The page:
outcomes the team that finishes first and qualifies will do so on NRR, that the
four teams are not of equal ability. An
easy way to understand Table 1 is to imagine flipping a coin to decide the
result of each match. In this case the conclusion of 50% of first position
results depending on NRR would be valid.
This can be contrasted with a situation where one team (A) of the four
is very much better than the other three (X, Y and Z) and so it is almost
certain that A will win all three of its games, i.e. the final table will
follow either Pattern 1 or 2. Note,
however, that if teams X, Y and Z are equally bad compared to team A, then Patterns
1 and 2 are equally likely to occur, i.e. while Pattern 2 reflects the actual
situation (one team being much better than the other three, who are of equal
ability), Pattern 1 is just as likely to be the final situation if one were
tossing a coin to determine the results between teams X, Y and Z.
Modelling
groups where there are teams of different strengths is the work alluded to
above that I thought too complicated to publish for a non-scientific
audience. The general effect, however,
is to reduce the 50% qualifying conclusion concerning the importance of NRR,
but not to such an extent that teams can afford to be complacent about it in
most situations where not all teams are equally proficient.
The
above is predicated on the assumption that all six matches played in a group
end in a win/lose result. In cases where
this is not so, most commonly No Results due to bad weather, then the general
effect is to increase the likelihood of points ties and so increase the
importance of a good NRR. The analysis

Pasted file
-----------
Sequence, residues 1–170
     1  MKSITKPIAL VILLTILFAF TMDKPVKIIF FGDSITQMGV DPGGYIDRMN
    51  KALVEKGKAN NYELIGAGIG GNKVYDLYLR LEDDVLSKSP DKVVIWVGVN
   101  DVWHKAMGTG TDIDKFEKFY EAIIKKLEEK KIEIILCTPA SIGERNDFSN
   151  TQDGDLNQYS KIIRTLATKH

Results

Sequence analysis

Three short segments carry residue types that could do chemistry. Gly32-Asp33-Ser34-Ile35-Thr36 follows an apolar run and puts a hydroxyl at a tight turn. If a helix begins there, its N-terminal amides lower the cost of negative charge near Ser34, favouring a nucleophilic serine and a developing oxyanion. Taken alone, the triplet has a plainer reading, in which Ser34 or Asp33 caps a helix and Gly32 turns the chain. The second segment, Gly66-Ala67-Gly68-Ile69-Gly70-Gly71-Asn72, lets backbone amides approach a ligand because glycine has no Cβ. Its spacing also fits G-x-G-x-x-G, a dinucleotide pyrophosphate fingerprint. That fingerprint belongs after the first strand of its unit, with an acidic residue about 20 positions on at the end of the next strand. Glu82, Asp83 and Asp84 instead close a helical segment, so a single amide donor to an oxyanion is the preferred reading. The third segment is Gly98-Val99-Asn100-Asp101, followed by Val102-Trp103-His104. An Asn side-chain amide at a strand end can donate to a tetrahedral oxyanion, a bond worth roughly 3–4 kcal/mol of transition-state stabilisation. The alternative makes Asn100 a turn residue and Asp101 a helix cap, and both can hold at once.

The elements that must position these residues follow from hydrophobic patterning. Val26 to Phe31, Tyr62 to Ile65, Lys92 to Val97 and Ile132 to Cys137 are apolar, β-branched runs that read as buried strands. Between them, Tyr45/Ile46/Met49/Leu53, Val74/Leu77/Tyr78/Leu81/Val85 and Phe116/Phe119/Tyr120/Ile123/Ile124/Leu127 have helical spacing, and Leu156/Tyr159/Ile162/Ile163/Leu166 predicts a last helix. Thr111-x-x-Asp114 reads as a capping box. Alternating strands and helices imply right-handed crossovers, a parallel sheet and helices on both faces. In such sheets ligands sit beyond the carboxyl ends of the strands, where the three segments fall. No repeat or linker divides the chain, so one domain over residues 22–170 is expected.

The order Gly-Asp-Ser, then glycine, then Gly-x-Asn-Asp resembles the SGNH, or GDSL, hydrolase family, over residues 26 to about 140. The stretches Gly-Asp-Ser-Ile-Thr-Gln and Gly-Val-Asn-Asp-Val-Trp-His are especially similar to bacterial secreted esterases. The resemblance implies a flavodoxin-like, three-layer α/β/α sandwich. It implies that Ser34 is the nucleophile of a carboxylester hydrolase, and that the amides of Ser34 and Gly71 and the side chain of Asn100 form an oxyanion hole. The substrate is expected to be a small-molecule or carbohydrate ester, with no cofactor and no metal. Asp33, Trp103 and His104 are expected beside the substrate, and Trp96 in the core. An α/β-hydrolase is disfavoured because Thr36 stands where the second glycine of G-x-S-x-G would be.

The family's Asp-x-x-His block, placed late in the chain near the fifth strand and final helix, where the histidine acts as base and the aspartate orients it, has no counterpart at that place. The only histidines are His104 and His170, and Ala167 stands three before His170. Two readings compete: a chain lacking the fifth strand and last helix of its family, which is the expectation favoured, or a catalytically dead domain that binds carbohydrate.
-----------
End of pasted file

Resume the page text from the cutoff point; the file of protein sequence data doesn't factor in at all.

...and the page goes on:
is possible but extremely complicated because the effects depend on which match,
or matches, have points shared between teams.
In the case where one match is lost, then for Pattern 1 there are six
possible final outcome results and in one instance, if it is the teams that
will end up first and second in Table 1, then these teams now will tie on
points and the team with the better NRR will qualify. Table 2 shows this in its
second column where the original points pattern (column 1) of 6-4-2-0 becomes
5-5-2-0.
All are Win/Lose
Results |
1^{st} v 2^{nd} Share Points |
1^{st} v 3^{rd} Share Points |
1^{st} v 4^{th} Share Points |
2^{nd} v 3^{rd} Share Points |
2^{nd} v 4^{th} Share Points |
3^{rd}. v
4^{th} Share Points |
6 |
5 |
5 |
5 |
6 |
6 |
6 |
4 |
5 |
4 |
4 |
3 |
3 |
4 |
2 |
2 |
3 |
2 |
3 |
2 |
3 |
0 |
0 |
0 |
1 |
0 |
1 |
1 |
Table 2. Effect of one match not resulting in a
Win/Lose result (i.e. points are shared) on the Pattern 1 outcome. The teams
are identified by their final position in Table 1 (1^{st}. to 4^{th}.).
Similar
tables can be prepared for the other three patterns derived from Table 1 and
then much larger tables could be constructed for when more than one match has
shared points. The effect is to compress
the range of the final outcome table. The extreme case would be where there
were No Results for all the six matches; all four teams would have 3 points,
although as there would be no NRR then the team with the best ICC ranking would
qualify. That compressing the final points
range increases the probability of teams tying on points is not surprising,
which is not to say that it isn’t worth demonstrating, as in Table 2, and a
fuller analysis is not without interest.
The 2016
Qualifier stage has already ended, but the type of analysis presented above may
be of aid to organisers of future competitions.
This article was written before the start of the Super 10 stage of the
ICC 2016 Twenty20 championship and a similar analysis is presented below and
which may provide an aid to those wanting to understand the logical basics of
the possible outcomes.
The Super
10 Stage
In the